BY BRIAN BYRNE
I LIKE the idea of plug-in hybrid. In practice, I have been able to make them work in various brands and models I’ve driven. But they take thinking about your driving a bit more than in a standard car, if you want to get the advantages.
You should want to get the advantages, because the extra cost of the plug-in privilege is high.
I got to thinking about this again in my recent week with a Volvo XC40 plug-in. Why was I driving a car that costs upwards of €20,000 more than its no-frills base model? The short answer is that I was asked to. The one still to be answered is whether all this is worth it?
Let’s take the XC40 on its own first. Much-awarded, including Continental Irish Car of the Year 2019, Women’s World Car of the Year 2018, European Car of the Year 2018. When your product gets that span of appreciation, it must deserve it. The XC40 does.
Chunkier in style than other Volvo SUVs, the more rugged look adds character to what is going to be a very well-finished car anyway, because that’s the thing about Volvos of the last decade or more. Once an aspirant premium brand, it got there, it is there.
You have the premium looks. You have the finish, inside and out, that allows the brand to park in the same VIP lot as Mercedes-Benz, BMW, Audi, Lexus and a couple of others.
You get the tech, the comfort and cosseting. The powertrains, Volvo-designed and built in tandem with its Chinese owner Geely, are world class.
The XC40 is in a ‘compact’ segment. A little bigger than a Mercedes GLA, a bit shorter than a Kia Sportage. But it looks and feels a very substantial car. It is especially roomy in its rear accommodation.
The review car was the Inscription Pro grade, top of the line.
Top-level comfort and safety specifications, no longer unique to Volvo so I’ll not wade through them here.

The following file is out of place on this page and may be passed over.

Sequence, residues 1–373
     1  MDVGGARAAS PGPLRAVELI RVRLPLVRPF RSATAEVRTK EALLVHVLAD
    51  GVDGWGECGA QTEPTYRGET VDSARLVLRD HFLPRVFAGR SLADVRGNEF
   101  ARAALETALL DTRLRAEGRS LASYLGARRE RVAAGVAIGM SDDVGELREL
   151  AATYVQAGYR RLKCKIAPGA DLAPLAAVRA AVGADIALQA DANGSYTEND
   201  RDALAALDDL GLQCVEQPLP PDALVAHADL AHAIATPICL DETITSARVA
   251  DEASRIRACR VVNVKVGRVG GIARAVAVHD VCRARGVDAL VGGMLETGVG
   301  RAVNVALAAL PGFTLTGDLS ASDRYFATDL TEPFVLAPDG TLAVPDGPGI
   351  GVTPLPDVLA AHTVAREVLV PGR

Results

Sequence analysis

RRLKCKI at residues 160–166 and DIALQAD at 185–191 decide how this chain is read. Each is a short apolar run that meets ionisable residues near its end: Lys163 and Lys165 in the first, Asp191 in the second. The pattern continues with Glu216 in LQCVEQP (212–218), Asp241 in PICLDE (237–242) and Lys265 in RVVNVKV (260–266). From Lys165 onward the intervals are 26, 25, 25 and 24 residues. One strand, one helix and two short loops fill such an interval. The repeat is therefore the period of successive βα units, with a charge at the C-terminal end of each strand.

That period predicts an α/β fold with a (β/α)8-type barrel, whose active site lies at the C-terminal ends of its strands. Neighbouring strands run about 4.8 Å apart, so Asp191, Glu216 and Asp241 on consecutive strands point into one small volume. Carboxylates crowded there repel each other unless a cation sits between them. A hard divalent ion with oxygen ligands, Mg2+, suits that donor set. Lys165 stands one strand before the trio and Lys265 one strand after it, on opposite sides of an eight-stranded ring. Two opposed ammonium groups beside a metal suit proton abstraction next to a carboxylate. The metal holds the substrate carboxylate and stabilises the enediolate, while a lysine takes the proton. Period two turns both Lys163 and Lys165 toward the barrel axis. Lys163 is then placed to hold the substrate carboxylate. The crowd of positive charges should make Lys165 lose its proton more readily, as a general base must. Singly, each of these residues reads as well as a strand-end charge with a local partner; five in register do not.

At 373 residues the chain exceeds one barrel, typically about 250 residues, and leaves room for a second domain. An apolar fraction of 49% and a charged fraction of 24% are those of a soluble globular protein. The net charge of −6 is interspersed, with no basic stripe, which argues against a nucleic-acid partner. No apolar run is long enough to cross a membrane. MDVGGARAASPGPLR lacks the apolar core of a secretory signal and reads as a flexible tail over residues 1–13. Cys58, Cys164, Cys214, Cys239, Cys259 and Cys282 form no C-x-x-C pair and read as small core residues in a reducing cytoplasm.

A quick refresher on plug-in hybrid. A petrol engine with a bigger battery than a normal hybrid, which can be plugged in externally to provide up to 46km of electric-only driving. Ideal for using in urban traffic, where EVs are at their most efficient.
On long motorway travel, you can set it to charge the battery and hold the charge, so that you have that full EV facility when you reach town again.
In Volvo’s case, they call it a Twin Engine. The main power in the XC40 is a 1.5 petrol with 180hp available, the electric motor bringing the combined power to 262hp. Obviously automatic, a good seven-speed and a smooth and easy drive.
Perky too, a 7.3s sprint to 100 km/h is do-able. The whole powertrain is very quiet indeed, and you’d never know it was a three-cylinder even when you push it.
Depending on how you use it, the Volvo claim is that combined fuel consumption is in the order of 140mpg in old terms. That’s a good figure. But attainable only if you rigorously work the system to its nth degree, heading off with a full charge daily and your commute is regular and within the range of the charged battery.
Real world will be much closer to a diesel economy for most owners. But Volvo will be getting out of diesels in the next while anyhow.
It was a lovely car to have for my week. The size is right for me too, so I made the most of it whenever I could get out of the office.
The rub is the price. The basic petrol manual XC40 starts at €38,295, and I figure that’s a reasonable price for a premium car of its size. But the Twin Engine in Inscription Pro runs €57,600. There are €7,500 worth of SEAI grants that can bring the figure down for many owners.
Matching up the Inscription grade pricing, the extra cost of your plug-in capability is roughly €6,500. How much driving will you have to do to save that? Looks a simple sum, but put in all the variables and it is more like an Einsteinian problem.
Liked it, though. A lot.